BROWN: Now, here's what's not clear to me. There are a couple of things. Is it clear that this is now about who leaked to whomever? To Novak or Cooper or Miller or anybody? Or is this now a perjury investigation?

O'DONNELL: We are probably beyond the leak investigation and on to the perjury investigation.

BROWN: Then it doesn't matter if it was knowingly, whether it was a covert agent, whether it was any of that nonsense?

O'DONNELL: Yes, all those things matter in order to get us past the security violation. Those are the elements that would have -- if they line up the way I suggest they might, which is it may be that Plame is not a covert agent, that's what would eliminate the crime in the first instance. And then what you're left with is a perjury investigation.

The evidence of that is in the prosecutor's own pleadings. Every brief the prosecutor has filed all the way up to the Supreme Court represents to the court that, this is a quote, "the focus of the investigation has shifted." We all know what the initial focus was. The initial focus was this security leak. If it has shifted, what would it have shifted to? They usually shift to perjury investigations.

BROWN: You are a guy that has hung around Washington a long time, knows Washington. Don't you think the president would have called Karl Rove up and said, Karl, look, there's a lot of pressure to get a special prosecutor on this. We could be in kind of deep trouble if you had anything to do with it, so you best tell me now.

O'DONNELL: I think the president wouldn't do that. This is the kind of knowledge that a president doesn't want to have. The president called for a special prosecutor to do that investigation for him. You can't find any examples of presidents, when an investigative question arises in the White House, summoning people in and trying to be the prosecutor themselves. I would be very surprised if this president did that.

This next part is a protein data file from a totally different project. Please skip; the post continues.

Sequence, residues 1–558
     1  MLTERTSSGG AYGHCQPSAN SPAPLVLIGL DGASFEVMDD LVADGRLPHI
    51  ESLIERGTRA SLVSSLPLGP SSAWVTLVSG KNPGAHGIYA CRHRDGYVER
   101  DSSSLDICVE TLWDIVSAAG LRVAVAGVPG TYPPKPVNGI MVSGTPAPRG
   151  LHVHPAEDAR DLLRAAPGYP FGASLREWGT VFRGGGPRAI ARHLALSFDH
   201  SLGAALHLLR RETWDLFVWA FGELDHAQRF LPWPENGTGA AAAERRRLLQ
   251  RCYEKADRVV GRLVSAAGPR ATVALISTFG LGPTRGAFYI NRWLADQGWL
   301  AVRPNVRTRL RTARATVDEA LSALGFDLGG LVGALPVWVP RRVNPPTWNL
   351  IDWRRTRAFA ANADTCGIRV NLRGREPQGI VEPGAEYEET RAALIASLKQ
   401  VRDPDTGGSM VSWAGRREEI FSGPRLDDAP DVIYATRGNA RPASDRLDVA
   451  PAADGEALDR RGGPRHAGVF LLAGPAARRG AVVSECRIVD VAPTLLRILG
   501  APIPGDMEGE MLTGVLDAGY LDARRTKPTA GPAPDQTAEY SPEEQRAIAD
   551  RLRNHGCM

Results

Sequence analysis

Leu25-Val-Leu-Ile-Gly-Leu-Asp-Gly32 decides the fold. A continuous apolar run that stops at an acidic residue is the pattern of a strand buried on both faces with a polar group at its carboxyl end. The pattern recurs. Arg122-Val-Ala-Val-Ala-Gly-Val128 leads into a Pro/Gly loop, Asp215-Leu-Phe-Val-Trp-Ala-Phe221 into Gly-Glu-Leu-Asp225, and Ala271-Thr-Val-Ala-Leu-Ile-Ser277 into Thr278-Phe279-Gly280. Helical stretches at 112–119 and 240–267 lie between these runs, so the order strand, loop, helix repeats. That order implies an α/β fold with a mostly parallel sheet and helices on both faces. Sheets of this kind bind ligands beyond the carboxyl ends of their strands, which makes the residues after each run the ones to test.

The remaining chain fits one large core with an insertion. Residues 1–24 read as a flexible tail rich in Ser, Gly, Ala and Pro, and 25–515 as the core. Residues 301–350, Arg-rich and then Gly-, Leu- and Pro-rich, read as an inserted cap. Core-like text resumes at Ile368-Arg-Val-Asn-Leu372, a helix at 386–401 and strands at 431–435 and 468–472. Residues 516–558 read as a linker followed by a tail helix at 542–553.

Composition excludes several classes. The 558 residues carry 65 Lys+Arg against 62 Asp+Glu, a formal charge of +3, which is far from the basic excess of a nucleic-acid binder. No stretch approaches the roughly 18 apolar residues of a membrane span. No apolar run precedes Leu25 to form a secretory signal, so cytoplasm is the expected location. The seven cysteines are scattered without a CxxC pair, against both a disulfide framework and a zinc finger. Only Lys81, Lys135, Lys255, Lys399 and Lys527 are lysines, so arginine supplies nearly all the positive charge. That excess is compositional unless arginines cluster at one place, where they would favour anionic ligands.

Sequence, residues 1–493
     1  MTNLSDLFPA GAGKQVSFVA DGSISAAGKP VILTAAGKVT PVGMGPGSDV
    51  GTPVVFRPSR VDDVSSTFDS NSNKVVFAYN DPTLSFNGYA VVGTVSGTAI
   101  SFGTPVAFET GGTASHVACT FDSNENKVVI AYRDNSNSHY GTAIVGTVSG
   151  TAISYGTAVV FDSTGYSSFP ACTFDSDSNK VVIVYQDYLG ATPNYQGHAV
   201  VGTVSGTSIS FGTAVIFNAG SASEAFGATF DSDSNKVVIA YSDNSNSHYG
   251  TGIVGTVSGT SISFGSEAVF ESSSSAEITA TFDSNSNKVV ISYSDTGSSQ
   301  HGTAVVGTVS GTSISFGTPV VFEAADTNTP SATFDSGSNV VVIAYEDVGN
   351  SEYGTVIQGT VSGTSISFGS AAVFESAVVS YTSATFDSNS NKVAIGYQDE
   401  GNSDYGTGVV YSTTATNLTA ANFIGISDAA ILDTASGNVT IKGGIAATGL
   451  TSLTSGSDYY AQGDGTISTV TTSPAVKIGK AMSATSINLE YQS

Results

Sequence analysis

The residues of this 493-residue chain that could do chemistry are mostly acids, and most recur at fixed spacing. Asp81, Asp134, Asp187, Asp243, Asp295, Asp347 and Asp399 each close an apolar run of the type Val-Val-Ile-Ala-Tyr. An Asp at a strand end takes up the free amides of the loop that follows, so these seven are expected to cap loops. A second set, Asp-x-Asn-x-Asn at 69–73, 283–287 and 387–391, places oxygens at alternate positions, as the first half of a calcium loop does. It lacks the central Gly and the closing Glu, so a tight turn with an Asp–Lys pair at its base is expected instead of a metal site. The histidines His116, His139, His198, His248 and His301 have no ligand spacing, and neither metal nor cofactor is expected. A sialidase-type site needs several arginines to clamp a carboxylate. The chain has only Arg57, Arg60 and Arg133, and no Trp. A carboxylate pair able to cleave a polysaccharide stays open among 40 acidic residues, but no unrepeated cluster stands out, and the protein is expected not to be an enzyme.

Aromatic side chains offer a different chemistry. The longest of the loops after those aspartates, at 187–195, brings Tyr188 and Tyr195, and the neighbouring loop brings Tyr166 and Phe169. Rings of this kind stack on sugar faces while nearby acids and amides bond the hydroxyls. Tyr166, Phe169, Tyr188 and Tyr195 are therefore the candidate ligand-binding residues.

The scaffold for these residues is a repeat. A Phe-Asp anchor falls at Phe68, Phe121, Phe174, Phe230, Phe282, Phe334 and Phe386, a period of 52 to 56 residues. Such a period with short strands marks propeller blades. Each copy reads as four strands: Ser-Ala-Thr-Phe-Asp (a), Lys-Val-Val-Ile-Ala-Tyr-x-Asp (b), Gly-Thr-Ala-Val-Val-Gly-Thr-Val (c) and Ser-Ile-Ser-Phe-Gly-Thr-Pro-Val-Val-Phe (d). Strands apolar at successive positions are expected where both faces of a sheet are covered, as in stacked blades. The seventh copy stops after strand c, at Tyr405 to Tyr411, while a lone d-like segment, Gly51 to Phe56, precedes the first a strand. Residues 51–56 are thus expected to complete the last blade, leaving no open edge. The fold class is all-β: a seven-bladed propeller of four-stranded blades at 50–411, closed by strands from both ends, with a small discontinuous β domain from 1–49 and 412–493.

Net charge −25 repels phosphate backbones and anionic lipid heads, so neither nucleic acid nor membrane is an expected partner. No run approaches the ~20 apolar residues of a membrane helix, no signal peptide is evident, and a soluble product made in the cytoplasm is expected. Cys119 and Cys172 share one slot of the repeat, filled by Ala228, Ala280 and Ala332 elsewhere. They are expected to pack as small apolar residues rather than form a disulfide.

BROWN: Ten seconds. Do you think Karl Rove's going down on this?

O'DONNELL: I think Karl Rove is in a position where he may lose his job, but it is hard for me to see where the crime would be for Karl Rove. I think he's too smart for perjury and I don't think he's actually qualified to have committed the original crime.

BROWN: Nice to see you.

O'DONNELL: Thank you.

BROWN: Thank you"


6 posted on 07/06/2005 3:48:18 AM PDT by YaYa123 (@Today's The Day.com)
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To: YaYa123

Of course, very few people, if any saw this alleged newscast. With CNN's numbers circling the toilet one has to ask, "If news is broadcast on CNN and no one watches, was it really ever on the air?"


7 posted on 07/06/2005 3:51:44 AM PDT by abb (Because News Reporting is too important to be left to the Journalists.)
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To: YaYa123

Looks like O'Donnell has gotten back on his meds. At least he seems somewhat coherent in that segment.